By Zubeida Mustafa
INTERNATIONAL politics do not move in a straight line. There are ups and downs in how states manage their ties.
They move forward and backward in a zigzag movement of two steps forward, one step back which is very often reversed and becomes one step forward and two steps back. In this medley of relationships bilateral ties acquire a multidimensional character and are not all black or all white.
This is how India and Pakistan have been conducting their foreign policies vis-à-vis each other ever since they became independent in 1947. Only the complexities have grown. In the aftermath of Mumbai when interstate ties have plummeted to a new low and war has loomed on the horizon, the peace sentiment has paradoxically found stronger expression in unofficial circles on both sides.
Is this a struggle between the doves and the hawks? Unlike earlier years when an incident bearing the hallmarks of the Mumbai tragedy would have driven the two neighbours to war, the calamities of today do not pre-empt the positive moves on which the hope for peace is pegged. Military strategists believe that the deterrence value of their nukes keeps war at bay. But it is folly to place too much confidence in the sanity of generals and politicians whose disdain for human life and self-righteous patriotism leave little room for conflict resolution.
What has certainly emerged as a positive phenomenon in South Asia has been Track-2 diplomacy (symbolised by the Neemrana process) that was launched in the early 1990s with American backing. But more far-reaching in their impact have been the indigenously inspired people-to-people contact groups that followed. There have been a number of them.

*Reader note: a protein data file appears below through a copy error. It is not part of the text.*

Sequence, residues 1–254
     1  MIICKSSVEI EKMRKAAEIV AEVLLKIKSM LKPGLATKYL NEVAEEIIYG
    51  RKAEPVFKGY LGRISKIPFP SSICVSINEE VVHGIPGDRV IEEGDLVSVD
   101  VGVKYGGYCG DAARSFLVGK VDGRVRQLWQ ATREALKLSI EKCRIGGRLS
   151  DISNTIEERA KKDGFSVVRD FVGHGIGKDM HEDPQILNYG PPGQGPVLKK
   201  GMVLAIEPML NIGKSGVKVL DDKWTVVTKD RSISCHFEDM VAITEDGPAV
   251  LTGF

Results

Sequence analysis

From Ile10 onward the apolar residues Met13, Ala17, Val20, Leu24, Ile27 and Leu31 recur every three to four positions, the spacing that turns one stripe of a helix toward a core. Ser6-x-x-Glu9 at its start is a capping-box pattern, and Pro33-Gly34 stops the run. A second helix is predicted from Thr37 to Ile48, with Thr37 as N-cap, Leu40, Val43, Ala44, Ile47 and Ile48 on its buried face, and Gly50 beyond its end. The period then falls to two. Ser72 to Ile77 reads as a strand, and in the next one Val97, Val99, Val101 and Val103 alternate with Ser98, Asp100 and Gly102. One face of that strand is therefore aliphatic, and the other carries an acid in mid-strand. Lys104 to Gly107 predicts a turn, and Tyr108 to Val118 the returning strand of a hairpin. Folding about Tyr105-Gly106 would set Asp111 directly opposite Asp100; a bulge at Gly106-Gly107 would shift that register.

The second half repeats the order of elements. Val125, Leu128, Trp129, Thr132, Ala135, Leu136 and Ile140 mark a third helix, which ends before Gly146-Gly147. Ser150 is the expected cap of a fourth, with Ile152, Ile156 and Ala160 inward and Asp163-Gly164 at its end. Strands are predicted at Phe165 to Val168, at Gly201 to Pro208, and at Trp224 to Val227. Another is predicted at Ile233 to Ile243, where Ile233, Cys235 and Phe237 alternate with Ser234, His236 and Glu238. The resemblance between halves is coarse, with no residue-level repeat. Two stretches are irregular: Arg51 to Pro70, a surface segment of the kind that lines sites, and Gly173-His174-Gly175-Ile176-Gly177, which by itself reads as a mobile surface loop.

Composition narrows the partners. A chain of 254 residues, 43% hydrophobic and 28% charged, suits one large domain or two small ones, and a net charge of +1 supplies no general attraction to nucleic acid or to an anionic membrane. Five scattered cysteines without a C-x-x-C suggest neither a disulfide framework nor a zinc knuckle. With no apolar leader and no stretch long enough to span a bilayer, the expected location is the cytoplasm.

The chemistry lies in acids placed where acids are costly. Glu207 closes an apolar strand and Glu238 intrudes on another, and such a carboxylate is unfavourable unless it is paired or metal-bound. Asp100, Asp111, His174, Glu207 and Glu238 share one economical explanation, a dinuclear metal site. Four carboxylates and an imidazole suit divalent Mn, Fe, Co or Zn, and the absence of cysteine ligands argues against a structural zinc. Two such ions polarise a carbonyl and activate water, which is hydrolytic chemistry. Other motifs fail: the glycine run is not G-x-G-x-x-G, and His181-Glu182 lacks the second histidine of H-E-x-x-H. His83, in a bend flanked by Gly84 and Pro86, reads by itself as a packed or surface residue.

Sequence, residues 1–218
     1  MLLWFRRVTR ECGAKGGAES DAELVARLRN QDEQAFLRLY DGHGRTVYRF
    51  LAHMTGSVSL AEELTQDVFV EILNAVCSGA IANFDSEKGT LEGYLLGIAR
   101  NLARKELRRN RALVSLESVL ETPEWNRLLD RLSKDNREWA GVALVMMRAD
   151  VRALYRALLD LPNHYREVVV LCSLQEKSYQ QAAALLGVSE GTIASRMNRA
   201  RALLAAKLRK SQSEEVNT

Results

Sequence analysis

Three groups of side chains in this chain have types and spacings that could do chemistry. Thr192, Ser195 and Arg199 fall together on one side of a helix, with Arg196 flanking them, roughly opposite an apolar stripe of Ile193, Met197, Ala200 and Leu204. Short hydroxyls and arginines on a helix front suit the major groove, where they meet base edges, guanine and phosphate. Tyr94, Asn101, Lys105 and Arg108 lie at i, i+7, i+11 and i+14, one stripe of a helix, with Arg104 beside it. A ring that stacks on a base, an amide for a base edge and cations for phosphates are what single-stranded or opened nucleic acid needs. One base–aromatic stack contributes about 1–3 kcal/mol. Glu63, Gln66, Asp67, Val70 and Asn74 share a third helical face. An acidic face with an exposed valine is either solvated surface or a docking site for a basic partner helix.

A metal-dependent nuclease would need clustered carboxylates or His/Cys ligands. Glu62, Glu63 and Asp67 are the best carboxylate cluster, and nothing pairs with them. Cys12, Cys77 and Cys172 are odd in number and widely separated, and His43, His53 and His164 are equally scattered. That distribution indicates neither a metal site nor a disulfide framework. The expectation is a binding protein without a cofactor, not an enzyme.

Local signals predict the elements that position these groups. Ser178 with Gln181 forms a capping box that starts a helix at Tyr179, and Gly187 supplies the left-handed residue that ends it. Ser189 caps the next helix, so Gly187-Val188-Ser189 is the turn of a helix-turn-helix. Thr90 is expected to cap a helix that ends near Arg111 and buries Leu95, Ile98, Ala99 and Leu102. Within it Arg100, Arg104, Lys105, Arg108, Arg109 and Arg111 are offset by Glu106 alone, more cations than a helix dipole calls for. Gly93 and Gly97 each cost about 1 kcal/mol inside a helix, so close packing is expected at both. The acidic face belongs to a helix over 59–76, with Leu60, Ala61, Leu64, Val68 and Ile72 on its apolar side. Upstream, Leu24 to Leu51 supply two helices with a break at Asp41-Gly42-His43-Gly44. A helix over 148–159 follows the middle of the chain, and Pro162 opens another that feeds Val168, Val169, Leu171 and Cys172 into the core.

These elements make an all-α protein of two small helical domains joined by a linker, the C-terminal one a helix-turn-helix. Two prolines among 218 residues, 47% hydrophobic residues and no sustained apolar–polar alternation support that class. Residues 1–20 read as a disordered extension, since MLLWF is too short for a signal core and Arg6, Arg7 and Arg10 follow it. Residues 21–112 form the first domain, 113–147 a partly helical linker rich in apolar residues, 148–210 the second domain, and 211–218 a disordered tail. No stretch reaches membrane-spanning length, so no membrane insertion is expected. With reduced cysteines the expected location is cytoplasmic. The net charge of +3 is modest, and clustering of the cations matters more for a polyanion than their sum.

The most prominent that come to mind are the Pakistan India People’s Forum for Peace and Democracy (PIPFPD), one of the earlier ones launched in 1994 to bring together civil society activists from the two countries to seek a way out of the impasse. Later came the South Asia Free Media Association (Safma) and South Asians for Human Rights (SAHR) comprising media practitioners and human rights activists respectively to build bridges of understanding.
Another significant, though less known, is the Gurgaon-based Centre for Dialogue and Reconciliation (CDR) that has focused specifically on Kashmir and has sought to connect communities on either side through discourse and dialogue since 2000.
Such peace-building initiatives undertaken by civil society outside the structure of government have offered flexibility and informality. Manjrika Sewak, the author of Multi-Track Diplomacy between India and Pakistan, believes these initiatives “impact official policy and public discourses” while improving communication and facilitating contacts between stakeholders. They can also change the climate of opinion.
Has this happened in these testing times? The cynics might be dismissive. But look at the scenario more closely. The two governments have proceeded to put the composite dialogue process on hold — India terms it as a “pause” while Pakistan calls it a “freeze”. In practical terms it means the next round of talks at the officials’ level are off for the present, no cricketing tour of the Indian team to Pakistan in January, no scheduled talks between the commerce ministers of the two countries and a slowdown in people-to-people exchanges especially the very visible ones as the two governments discourage their citizens from undertaking journeys across the border.